Ancient Glass Blog of The Allaire Collection


Posted in Uncategorized by Allaire Collection of Glass on August 29, 2019


The excesses of Victorian glass – epitomized by the exhibition pieces smothered in gilding and color and cut with thousands of shimmering facets – were already being condemned by contemporary critics.  Out of this antipathy toward the mechanical production of the Industrial Revolution grew a desire to return to more natural sources.  The revolutionary effect on design following the opening up of Japan to the West and the publication of pattern-books illustrating ornament from around the world, aided by theorists such as William Morris advocating the role of the craftsman, led to the revolution of a completely new style, Art Nouveau.

The artists of Art Nouveau drew inspiration from organic and geometric forms to create elegant, modern designs.  Art Nouveau was an artistic movement which peaked in popularity between 1890 and 1905 which was practiced in the fields of art, architecture and applied art. … Its short success was a reaction against the late 19th century academic art and was replaced by the development of 20th century modernist styles.

The Arts and Crafts movement was an international trend in the decorative and fine arts that began in Britain and flourished in Europe and North America between about 1880 and 1920, emerging in Japan in the 1920s as the Mingei movement. The founders of the Arts & Crafts Movement were some of the first major critics of the Industrial Revolution. Disenchanted with the impersonal, mechanized direction of society in the 19th century, they sought to return to a simpler, more fulfilling way of living. The movement is admired for its use of high-quality materials and for its emphasis on utility in design. The Arts & Crafts emerged in the United Kingdom around 1860, at roughly the same time as the closely related Aesthetic Movement, but the spread of the Arts & Crafts across the Atlantic to the United States in the 1890s, enabled it to last longer – at least into the 1920s. Although the movement did not adopt its common name until 1887, in these two countries the Arts & Crafts existed in many variations, and inspired similar contemporaneous groups of artists and reformers in Europe and North America, including Art Nouveau, the Wiener Werkstatte, the Prairie School, and many others. The faith in the ability of art to reshape society exerted a powerful influence on its many successor movements in all branches of the arts.

The glass objects made by both movements had their roots based in nature.  Colors of these glass object where more muted and internal surfaces had a misty softness, quite unlike the brilliant finish so important thirty years earlier. Part of the above description is from the book Sothebys-Sothebys Concise Encycolopedia of Glass, Editors, David Battie, Simon Cottle, London 1991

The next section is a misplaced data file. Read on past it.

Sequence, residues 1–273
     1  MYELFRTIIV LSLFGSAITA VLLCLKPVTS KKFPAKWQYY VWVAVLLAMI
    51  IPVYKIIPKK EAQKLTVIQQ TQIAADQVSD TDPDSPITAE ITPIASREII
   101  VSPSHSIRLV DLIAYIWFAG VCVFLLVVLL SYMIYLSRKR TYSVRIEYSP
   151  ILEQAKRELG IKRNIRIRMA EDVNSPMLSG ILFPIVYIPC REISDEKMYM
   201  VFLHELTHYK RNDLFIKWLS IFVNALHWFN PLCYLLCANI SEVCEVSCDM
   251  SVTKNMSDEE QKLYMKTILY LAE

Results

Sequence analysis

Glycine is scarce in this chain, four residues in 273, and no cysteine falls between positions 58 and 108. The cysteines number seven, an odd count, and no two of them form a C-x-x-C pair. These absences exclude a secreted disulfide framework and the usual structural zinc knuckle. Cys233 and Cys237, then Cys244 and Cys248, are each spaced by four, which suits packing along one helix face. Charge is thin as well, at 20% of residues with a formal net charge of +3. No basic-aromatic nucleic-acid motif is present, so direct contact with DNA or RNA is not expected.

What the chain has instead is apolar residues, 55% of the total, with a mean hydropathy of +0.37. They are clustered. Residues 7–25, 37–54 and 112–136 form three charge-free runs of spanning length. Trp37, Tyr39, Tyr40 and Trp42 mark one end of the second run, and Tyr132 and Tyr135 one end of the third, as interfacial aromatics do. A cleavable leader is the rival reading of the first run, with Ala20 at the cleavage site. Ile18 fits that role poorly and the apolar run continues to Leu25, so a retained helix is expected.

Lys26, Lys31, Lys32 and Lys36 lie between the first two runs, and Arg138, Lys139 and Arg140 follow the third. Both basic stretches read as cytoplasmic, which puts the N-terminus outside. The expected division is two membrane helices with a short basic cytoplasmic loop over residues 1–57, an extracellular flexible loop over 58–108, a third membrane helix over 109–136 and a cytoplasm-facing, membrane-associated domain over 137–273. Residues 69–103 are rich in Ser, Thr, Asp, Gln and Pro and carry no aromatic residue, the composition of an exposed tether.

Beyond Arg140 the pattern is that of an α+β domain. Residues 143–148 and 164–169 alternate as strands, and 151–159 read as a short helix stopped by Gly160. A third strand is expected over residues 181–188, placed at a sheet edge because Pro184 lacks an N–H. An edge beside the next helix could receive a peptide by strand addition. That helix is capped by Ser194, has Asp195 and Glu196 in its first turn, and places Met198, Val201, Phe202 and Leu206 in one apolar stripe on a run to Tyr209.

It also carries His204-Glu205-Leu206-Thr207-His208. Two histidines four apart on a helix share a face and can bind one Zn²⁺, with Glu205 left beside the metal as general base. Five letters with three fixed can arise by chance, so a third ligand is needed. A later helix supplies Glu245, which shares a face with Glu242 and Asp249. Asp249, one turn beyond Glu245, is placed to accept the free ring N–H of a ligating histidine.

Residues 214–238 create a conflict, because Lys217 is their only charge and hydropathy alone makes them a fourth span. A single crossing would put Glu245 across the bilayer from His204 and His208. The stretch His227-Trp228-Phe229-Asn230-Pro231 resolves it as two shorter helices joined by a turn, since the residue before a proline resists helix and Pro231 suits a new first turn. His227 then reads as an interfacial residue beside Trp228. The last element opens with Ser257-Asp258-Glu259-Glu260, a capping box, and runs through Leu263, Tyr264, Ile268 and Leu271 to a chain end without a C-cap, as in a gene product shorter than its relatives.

To see Corning Museum of Glass Arts & Crafts collection click on this link: ARTS AND CRAFTS GLASS AT THE CORNING MUSEUM OF GLASS

A group of Clutha glass vessels of the Arts & Crafts period in England 1900s


Posted in Uncategorized by Allaire Collection of Glass on August 27, 2019

French: Lhermite-King, Cent Verres Francais 1550-1750,  Tresors des collections privees,Sylvie Lhermite-King.


(Lhermite-King, Hundred French Glasses 1550-1750, Treasures of private collections, Sylvie Lhermite-King) This volume is a wonderfully illustrated book written in French of glass vessels made in France from 1550 to 1750 gathered from private collections by Sylvie Lhermite-King . The French Renaissance was the cultural and artistic movement in France between the 15th and early 17th centuries. Below are examples of the photographs in this book of French glasses.



Posted in Uncategorized by Allaire Collection of Glass on August 24, 2019

Bell Beaker

Cone Beaker

The Allaire Collection 60E Merovingian cone cone shaped beaker Late 5th to first half of 6th century

Trailed Beaker

127E Allaire collection Merovingian beaker with looped trailing

Festooned Beaker

124E Allaire Collection Merovingian beaker

125E Allaire Collection Smaller Merovingian Beaker


For additional information on each the above beakers click on their corresponding number. (51E) (54E) (60E) (90E) (112E) (116E) (117E) (124E) (125E) (127E)


Posted in Uncategorized by Allaire Collection of Glass on August 21, 2019

Two Beautiful Glass Pitchers in the Allaire Collection

(63A) This Midwestern free blown blue glass pitcher with an applied high handle.  H: 4 ½ inches, D: 1849 H: 9 cm


(88E) This small amethyst pitcher having an optically molded body and perfectly laid on delicate thin handle.

H: 9 cm, D: 1780


Posted in Uncategorized by Allaire Collection of Glass on August 17, 2019


The Augustinus Collection of Ancient Glass

AcoaG # 22.1 Side view


4th. Century A.D.  Probably about 325-375

Variation to the so called Kowalk-glass

Isings form: 96b, Morin Jean form: 70 |

 ↑ 6.9 cm | Ø Mouth : 12.5-13 cm | Ø mid body: 9.5 cm | Ø Base facet: 3.2 cm| W: 295 g |

Technique: Formed in a mold, wheel cut incised, ground and polished; rim tooled and rounded off. The inside of the bowl is polished to a finer grain than the outside. The facets show the roughest surface.

Description: Bell-shaped bowl, handheld beaker or lamp. Transparent pale green thick glass, formed in a mold to a hemispherical shape; wide out splayed rim; wall and base decorated with 22 abraded facets in total. At the rim one cut line and below that, at a distance of 1.0 cm, three cut lines. One series of 13 round, almost oval, facets (2.0-2.2 cm) of which one facet is smaller (1.5-1.9 cm), below that a second series of 8 round facets (2.0-2.1 cm), finally at the base one large facet (3.2 cm.), slightly eccentric in position. The facets, that are adequate to hold the grip, are at some edges vaguely or unevenly abraded, but stand straight in line and are a wonderful example of craftsmanship, as stated by many scholars: this bowl-shaped Kowalk glass is exceptional.